Tuesday, May 13, 2014

CHARACTERISATION OF OKONKWO AND UNOKA BY GROUP 3 OF MONDAY CLASS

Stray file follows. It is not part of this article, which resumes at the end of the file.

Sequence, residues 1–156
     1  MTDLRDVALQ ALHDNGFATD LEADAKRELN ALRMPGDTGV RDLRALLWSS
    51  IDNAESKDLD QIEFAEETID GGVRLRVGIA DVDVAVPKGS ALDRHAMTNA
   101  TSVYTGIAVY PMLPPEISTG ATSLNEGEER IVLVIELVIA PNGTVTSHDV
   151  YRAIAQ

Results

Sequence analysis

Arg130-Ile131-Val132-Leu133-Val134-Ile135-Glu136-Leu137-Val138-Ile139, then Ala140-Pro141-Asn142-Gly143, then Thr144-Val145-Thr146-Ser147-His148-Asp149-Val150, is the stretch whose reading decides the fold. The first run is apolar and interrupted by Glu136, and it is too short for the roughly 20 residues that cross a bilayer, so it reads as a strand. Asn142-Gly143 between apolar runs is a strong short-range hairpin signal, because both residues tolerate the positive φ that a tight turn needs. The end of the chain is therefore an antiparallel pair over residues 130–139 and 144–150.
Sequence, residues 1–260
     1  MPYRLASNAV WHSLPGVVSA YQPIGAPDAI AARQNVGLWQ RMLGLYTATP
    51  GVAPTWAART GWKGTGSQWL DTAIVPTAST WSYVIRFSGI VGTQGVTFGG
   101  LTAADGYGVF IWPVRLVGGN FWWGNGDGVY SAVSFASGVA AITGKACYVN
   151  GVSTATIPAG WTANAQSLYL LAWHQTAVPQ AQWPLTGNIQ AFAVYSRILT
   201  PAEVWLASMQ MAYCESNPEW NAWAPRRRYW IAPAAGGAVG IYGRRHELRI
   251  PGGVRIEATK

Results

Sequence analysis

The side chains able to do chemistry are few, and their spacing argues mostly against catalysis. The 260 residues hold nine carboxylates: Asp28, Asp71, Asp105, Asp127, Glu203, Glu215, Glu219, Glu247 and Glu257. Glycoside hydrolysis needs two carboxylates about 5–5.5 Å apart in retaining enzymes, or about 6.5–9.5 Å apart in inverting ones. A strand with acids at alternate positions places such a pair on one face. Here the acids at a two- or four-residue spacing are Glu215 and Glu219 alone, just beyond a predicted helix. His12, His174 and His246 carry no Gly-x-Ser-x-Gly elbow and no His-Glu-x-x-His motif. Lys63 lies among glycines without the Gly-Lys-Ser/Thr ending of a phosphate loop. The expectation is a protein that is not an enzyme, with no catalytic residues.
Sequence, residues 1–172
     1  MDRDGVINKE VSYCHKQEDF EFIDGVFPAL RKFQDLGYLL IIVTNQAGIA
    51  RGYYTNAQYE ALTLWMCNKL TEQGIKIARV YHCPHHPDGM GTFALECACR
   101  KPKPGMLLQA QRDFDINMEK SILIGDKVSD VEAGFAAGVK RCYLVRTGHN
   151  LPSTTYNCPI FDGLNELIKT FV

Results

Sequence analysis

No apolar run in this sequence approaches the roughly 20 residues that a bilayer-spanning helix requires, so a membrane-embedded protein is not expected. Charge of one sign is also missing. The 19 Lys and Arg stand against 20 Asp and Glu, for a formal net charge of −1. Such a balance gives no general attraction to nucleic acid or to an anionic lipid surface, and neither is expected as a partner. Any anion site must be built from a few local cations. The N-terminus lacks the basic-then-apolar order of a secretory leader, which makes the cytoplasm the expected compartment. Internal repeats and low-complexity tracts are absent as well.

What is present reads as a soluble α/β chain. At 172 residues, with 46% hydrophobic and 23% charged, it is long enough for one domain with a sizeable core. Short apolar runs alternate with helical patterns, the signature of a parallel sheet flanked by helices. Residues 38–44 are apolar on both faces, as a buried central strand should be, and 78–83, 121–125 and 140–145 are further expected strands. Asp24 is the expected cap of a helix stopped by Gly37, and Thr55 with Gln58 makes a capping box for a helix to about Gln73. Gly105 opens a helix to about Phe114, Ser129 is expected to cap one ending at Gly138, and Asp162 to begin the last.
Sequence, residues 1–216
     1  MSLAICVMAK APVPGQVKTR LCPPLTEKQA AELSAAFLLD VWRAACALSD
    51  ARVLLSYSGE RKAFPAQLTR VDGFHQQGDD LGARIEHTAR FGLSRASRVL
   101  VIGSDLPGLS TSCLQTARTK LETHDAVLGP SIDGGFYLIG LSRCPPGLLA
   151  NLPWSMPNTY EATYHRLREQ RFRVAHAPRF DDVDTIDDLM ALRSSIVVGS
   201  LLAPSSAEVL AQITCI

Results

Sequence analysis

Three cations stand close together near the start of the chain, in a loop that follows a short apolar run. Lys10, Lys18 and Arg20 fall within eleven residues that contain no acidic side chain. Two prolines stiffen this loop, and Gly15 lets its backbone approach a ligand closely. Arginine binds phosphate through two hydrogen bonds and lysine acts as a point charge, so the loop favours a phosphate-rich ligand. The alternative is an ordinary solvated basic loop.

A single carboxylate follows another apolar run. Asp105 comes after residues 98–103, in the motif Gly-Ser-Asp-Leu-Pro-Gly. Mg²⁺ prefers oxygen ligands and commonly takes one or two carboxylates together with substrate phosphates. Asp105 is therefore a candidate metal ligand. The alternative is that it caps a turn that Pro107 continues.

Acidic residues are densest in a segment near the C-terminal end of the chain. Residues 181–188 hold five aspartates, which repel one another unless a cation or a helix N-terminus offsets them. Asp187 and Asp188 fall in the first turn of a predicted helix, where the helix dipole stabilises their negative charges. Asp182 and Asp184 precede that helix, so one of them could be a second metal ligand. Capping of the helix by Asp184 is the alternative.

Okonkwo is a round character in the novel ‘Things Fall Apart’. His character has several dimensions considering all the various aspects and this makes his character quite complex in the story. Unoka, his father is a flat character and a minor one as such. He is a starting character of his story and his negative traits become the major driving force of Okonkwo’s directly opposite character traits since he refuses to become anything close to his miserable father. Okonkwo’s life is dictated by the fear of failure and much of his behaviour is as a result of his desire to be unlike his miserable father.                                                          Okonkwo, the main character of “Things Fall Apart” is a man of bravery and valour. In the beginning part of the text, he throws Amalinze the ‘Cat’ in a wrestling competition and this makes him very famous across the nine villages for his strength. He fights in many wars of Umuofia and he is even the first to bring home the head of his enemy. In the text, he obtains two titles and shows incredible prowess in two intertribal wars, adding up to his fame during the time. Physical traits of Okonkwo like his height and huge size are useful descriptions that reiterate his incredible valour and makes it more realistic to the audience. Okonkwo is always seen walking upon the foremost part of his feet, leaving his heels just above the ground and this stance gives the impression that he is always ready for a fight. Okonkwo is also described as “a man of action and a man of war” in the text and all these recurring facts about his war achievements makes his bravery an outstanding aspect of his character.                                                                                                                            Okonkwo is also very strict and temperamental. He believes in his principles and he never compromises his rules for anything. In the text, Okonkwo gets angry with his second wife and punishes her when she chooses to fix her hair instead of preparing food for him and his children, in spite of the fact that it was the Week of Peace. He never forgives his children for their wrong doings and rules his household with a heavy hand. Okonkwo is described as a stammerer in the text and this physical trait also buttresses his temperamental nature since he had to respond to people’s deviations with his fists due to his difficulty in doing so with words. Okonkwo’s bushy eyebrows and wide nose also gives him a severe look which makes his strict nature more realistic to the reader.                                                                        Furthermore, Okonkwo is described as a hardworking man in the text. In the text, we realise that Okonkwo is highly committed to his daily farm work. He works from dawn to dusk and hardly shows any sign of tiredness. He also involves his entire family in his strenuous work. He actually believes in hard work because he does not want to become a failure just like his father and this fear of failure and weakness makes him despise laziness and relaxation since he regards such an attitude as feminine. Even though Okonkwo never inherits anything from his father, he works hard to rise to the level of a wealthy man and this is due to his hard work. Okonkwo is a wealthy man in the village considering his three wives, eight children and barns of yam and all these is due to his hard work.                                           Pride is also a major trait in the character of Okonkwo; in fact, the flaw in his character that leads to his downfall. Okonkwo is inflexible in the sense that he never accepts new trends due to his personal pride. Okonkwo’s personal pride drives him to purposefully break the social laws by rashly killing a messenger from the British district office. His act of suicide is actually as a result of this especially since it is the first and only time he breaks the law on purpose and realizes that his clansmen are not willing to support him against the British colonists. The invasion of the whites and everything that came with it is something Okonkwo opposes and he stands by his decision till the end due to his pride, leading to his own death since he actually prefers to live and die on his own terms rather than to submit to the whites. Other traits of pride can be seen in the text when Okonkwo suppresses his emotions after killing Ikemefuna since he does not want to be thought of as a weak person and when he openly questions the right of unsuccessful men to speak in public since he considers them to be ‘women’.                                                                                                        Unoka is Okonkwo’s father and a directly opposite person to whom Okonkwo is. The text portrays him as tall and thin with a slight stoop. Unoka is a very lazy man who hates work on the farm despite his family nearly starving and his tall list of unpaid debts. He is also a coward considering his fear of blood and warfare. The only thing good about Unoka is his musical talent and his ability to play the flute very well. Unoka’s miserable situation makes him seem very shameful to the entire community and most especially his son Okonkwo who turns out to be the opposite of his father. Unoka was a man who only appreciates leisure, parties and music and he lacks responsibility and never gains any title during his life. Consequently, he died a miserable death after a horrible illness.                                           Okonkwo’s greatest fear is becoming a failure like his father and this contributes to his unending pride and emotional intolerance for other people, even his own family. His final act of suicide can be described as a demonstration of things actually falling apart since Okonkwo for the first time purposefully breaks the rules to continue living in his pride and the same old ways he is accustomed to. Okonkwo is a complex character and a tragic hero because a flaw in his character results in his downfall, death. For Okonkwo, submitting to the white man would be against everything he stood for; bravery, manliness and perseverance.